Provides a unique and accessible understanding of Sallust and his influence on writing the history of Rome
Gaius Sallustius Crispus (‘Sallust’, 86-35 BCE) is the earliest Roman historian from whom any works survive. His two extant writings chronicle crucial moments of a political, social, and ethical revolution with profound consequences for his own life and those of his audience. After the Past: Sallust on History and Writing History examines what it meant to write the history of contentious events—Catiline’s famous rebellion in 63 BCE and the war waged against the North African king Jugurtha fifty years earlier—while their effects were still so vividly felt.
One of the first book-length treatments of Sallust in over fifty years, the text offers a comprehensive reading of Sallust’s works using the tools of narratology and intertextual analysis to reveal the changing functions of historiography at the end of the Roman Republic. Author Andrew Feldherr’s comprehensive approach examines the literary strategies used by Sallust and many of the most interesting and significant aspects of the historian’s accomplishment while advancing the study of historiography as a literary form, reconsidering its relationship to rival genres such as rhetoric and tragedy. Pursuing a focused and distinctive scholarly argument, this book:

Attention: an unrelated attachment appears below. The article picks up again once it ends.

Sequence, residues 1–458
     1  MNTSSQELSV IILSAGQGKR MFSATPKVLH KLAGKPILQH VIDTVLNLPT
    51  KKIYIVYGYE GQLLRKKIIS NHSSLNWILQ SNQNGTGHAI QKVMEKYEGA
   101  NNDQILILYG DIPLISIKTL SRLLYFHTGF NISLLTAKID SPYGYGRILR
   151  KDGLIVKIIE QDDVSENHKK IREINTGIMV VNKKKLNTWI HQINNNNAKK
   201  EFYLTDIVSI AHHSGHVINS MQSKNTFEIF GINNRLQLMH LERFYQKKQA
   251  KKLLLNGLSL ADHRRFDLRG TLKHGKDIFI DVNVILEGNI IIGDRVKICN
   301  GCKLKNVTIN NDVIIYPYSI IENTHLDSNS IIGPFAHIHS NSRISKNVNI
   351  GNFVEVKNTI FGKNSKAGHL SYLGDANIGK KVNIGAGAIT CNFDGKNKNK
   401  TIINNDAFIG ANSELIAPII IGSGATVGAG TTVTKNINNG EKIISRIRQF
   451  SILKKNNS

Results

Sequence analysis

Provides a comprehensive approach to Sallust’s extant works Explores how Sallust helped his readers to reflect on their own relationship with their tumultuous past Contributes to understanding Roman conceptualizations of space and of writing Challenges the core assumption that literary historiography of the time period is essentially rhetorical nature After the Past: Sallust on History and Writing History is an accessible and useful resource for students of Latin literature and Roman history from the advanced undergraduate through professional levels, and for all those with an interest in historiography as a literary genre in Greco-Roman antiquity and in the literary history of the late Republic and triumviral period.